A. J. Finn’s debut novel, The Woman in the Window, might first come off as The Girl on the Train and Rear Window with some agoraphobia thrown in to make it a little more unique. Anna Fox, the book’s narrator, is, like Rachel in The Girl on the Train, a boozer and an unreliable narrator. Anna also has a bad case of agoraphobia that we’re led to believe developed after an accident she, her husband, and their daughter were involved in. This means that like Jimmy Stewart in Rear Window with his broken leg, she’s stuck inside with little to entertain her beyond spying on her neighbors–but with a camera instead of Jimmy Stewart’s binoculars.
The Russells, new to the neighborhood, intrigue her the most. At various times early in the book she is visited by all three family members: Ethan, their son, Alistair, the father, Jane, the mother. Things take a turn when Anna is watching the Russells’ home and sees Jane suddenly appear at one of the windows clutching her bleeding chest. I won’t give much more of the plot away besides the fact that, as an unreliable narrator, the police don’t believe Anna when she reports the attack.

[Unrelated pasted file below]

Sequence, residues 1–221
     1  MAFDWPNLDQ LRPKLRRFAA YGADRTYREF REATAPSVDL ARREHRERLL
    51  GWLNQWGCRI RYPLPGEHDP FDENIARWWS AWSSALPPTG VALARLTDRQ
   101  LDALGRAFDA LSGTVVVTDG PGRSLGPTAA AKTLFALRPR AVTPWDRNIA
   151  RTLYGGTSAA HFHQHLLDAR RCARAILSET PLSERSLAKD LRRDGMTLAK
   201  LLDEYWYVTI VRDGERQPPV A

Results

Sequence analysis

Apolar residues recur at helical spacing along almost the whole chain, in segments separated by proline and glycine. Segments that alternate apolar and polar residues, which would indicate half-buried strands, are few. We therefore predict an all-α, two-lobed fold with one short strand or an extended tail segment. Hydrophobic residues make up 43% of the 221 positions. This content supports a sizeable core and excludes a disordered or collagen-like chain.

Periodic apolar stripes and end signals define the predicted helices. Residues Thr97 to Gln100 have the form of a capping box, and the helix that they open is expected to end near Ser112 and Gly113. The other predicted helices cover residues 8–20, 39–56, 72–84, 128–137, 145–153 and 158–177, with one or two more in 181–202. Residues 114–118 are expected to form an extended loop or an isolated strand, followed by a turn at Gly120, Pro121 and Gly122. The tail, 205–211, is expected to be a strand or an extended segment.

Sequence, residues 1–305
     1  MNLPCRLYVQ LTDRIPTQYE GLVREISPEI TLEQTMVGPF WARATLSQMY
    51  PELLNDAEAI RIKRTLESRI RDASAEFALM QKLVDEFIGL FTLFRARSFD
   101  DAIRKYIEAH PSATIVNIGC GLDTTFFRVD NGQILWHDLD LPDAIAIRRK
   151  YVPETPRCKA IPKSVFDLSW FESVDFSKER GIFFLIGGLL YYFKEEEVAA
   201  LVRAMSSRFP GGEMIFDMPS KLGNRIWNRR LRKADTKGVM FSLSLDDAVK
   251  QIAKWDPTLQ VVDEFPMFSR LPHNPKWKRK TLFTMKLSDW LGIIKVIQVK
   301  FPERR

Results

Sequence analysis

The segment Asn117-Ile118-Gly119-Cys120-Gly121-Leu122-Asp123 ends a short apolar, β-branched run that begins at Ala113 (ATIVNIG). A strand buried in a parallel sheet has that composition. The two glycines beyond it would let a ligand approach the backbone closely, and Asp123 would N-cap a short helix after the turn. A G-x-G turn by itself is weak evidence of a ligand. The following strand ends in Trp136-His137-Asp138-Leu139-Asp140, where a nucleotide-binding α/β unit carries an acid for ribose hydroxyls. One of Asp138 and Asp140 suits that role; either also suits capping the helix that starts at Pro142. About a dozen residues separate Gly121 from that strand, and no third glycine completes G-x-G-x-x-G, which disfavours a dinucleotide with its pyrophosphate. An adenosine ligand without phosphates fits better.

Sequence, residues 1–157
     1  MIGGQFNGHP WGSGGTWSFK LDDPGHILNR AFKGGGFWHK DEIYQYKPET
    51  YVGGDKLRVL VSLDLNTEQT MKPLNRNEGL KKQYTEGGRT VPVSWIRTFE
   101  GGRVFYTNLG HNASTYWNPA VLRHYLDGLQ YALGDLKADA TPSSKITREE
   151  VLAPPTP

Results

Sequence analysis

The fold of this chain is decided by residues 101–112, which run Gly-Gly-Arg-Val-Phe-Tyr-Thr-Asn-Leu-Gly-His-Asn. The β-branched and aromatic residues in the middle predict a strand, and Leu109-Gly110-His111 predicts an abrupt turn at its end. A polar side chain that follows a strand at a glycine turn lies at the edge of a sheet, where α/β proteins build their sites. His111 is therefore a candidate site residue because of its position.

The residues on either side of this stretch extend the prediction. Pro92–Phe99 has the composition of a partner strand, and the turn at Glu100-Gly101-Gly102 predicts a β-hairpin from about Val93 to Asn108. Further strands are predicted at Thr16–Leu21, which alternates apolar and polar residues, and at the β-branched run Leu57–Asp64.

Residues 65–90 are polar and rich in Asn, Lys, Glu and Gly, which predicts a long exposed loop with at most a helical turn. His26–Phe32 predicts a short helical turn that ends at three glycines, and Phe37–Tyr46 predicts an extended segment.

There are a number of impressive plot twists along the way, and, while the twist at the end of the book is somewhat predictable, there are several earlier plot twists that were totally unexpected. While The Woman in the Window may contain some familiar parts, Finn builds something surprising and memorable with them.